Great Dublin Dining

Editor
Top Dublin restaurants for St. Patrick's Day — or any other day
Locks Brasserie
Locks Brasserie
Locks Brasserie

Let’s face it: When food-loving travelers talk about great European food cities, they’re likely to get to Hamburg, or maybe Vilnius, before Dublin comes up. What is Irish food, anyway? Smoked salmon, soda bread, corned beef and cabbage, Irish stew? All perfectly good in their way, but none sufficient to get the average connoisseur’s mouth watering, much less inspire the purchase of an airline ticket.

The fact is, though, that Dublin has become a terrific place to eat in recent years. Is it London, Paris, Barcelona, or Milan? Well, no. And if you’re counting Michelin stars, it doesn’t shine very brightly. It has only one two-star establishment and three with a single star (plus another one-star a little north of the city, past the airport). What it does have is a smallish but steadily growing infrastructure of technically accomplished and imaginative chefs, a few of them French or English but many of them Irish-born — and, even more to the point, some of the finest culinary raw materials in the world.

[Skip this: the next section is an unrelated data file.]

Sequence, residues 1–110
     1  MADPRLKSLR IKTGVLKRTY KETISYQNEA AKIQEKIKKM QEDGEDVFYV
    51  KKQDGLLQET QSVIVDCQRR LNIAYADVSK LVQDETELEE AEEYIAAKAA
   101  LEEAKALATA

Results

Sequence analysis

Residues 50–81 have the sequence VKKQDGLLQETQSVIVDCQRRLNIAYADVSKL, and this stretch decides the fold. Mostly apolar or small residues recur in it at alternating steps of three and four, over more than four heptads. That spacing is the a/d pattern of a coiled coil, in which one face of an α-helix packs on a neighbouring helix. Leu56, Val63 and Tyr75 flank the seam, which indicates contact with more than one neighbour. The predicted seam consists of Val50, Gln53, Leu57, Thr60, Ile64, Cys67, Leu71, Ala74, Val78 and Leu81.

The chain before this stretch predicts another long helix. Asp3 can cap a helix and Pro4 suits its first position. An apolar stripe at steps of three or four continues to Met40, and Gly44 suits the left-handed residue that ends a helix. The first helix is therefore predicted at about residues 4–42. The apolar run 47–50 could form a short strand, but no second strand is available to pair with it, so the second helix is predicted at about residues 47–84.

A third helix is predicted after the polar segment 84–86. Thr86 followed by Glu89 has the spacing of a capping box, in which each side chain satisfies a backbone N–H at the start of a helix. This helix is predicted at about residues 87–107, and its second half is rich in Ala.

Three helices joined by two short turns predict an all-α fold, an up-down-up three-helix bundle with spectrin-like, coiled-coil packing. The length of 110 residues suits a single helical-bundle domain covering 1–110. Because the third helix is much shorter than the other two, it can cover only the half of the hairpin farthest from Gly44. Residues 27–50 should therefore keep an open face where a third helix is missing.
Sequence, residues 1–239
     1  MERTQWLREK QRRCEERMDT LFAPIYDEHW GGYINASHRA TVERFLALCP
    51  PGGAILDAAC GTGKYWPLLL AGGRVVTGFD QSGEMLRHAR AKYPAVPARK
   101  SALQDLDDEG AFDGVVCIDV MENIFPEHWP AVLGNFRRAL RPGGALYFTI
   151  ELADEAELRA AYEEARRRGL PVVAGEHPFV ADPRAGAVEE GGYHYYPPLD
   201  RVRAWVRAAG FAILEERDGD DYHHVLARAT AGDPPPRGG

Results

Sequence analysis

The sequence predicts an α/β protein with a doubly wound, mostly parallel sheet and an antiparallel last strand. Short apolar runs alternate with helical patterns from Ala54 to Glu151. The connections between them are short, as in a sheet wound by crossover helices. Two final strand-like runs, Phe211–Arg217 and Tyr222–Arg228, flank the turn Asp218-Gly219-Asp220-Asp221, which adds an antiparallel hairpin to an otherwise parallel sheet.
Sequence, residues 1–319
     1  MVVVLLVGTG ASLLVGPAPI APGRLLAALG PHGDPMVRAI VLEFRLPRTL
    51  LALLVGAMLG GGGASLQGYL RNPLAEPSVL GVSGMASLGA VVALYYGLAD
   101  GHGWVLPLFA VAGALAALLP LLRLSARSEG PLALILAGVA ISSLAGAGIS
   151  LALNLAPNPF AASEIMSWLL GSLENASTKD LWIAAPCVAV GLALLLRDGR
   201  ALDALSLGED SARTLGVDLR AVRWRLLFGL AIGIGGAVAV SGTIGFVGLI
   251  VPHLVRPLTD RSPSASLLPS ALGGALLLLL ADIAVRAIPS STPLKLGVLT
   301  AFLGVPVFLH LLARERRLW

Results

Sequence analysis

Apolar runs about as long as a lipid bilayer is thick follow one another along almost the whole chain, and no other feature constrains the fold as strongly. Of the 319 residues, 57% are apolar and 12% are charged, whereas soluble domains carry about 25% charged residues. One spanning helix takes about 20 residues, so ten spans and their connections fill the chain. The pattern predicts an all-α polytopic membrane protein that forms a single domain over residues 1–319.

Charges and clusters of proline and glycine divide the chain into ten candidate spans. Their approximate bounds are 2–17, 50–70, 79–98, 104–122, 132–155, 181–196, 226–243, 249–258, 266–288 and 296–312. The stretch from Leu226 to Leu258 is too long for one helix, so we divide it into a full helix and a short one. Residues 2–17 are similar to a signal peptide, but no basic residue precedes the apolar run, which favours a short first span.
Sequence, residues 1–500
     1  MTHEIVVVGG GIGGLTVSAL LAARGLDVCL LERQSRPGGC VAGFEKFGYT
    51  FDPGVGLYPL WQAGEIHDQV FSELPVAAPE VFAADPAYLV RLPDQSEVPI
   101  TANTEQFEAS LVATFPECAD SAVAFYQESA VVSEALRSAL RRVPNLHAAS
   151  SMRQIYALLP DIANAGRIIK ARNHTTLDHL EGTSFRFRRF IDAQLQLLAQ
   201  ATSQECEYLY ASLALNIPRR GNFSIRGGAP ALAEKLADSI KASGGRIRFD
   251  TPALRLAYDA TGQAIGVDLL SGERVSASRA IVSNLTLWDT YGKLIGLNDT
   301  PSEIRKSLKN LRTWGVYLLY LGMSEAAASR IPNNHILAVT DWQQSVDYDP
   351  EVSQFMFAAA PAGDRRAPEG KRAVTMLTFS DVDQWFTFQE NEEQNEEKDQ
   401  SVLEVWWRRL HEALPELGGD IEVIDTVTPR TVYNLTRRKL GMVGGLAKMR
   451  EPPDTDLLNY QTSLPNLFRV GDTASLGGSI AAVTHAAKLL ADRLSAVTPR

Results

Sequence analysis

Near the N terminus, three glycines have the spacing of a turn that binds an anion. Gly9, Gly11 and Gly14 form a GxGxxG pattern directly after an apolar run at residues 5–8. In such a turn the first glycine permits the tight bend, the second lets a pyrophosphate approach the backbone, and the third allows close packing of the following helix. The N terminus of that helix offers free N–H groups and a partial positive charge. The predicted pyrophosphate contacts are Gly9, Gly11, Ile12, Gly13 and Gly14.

A surprising variety of fruit and vegetables, cream and butter of astonishing richness (and artisanal cheese in ever-increasing variety), grass-fed lamb and beef (and virtually all of it is), artisanal pork products, abundant seafood — from “black” (i.e., Dover) sole and line-caught turbot to sweet-fleshed West Coast lobsters and Dublin Bay prawns (the same creatures the Italians call scampi)…These are the building blocks for fresh, intensely flavored food both simple and complex — and in recommending Dublin restaurants, the honesty and purity of the basic products is the factor I consider probably most of all.

Click here for the Great Dining in Dublin Slideshow.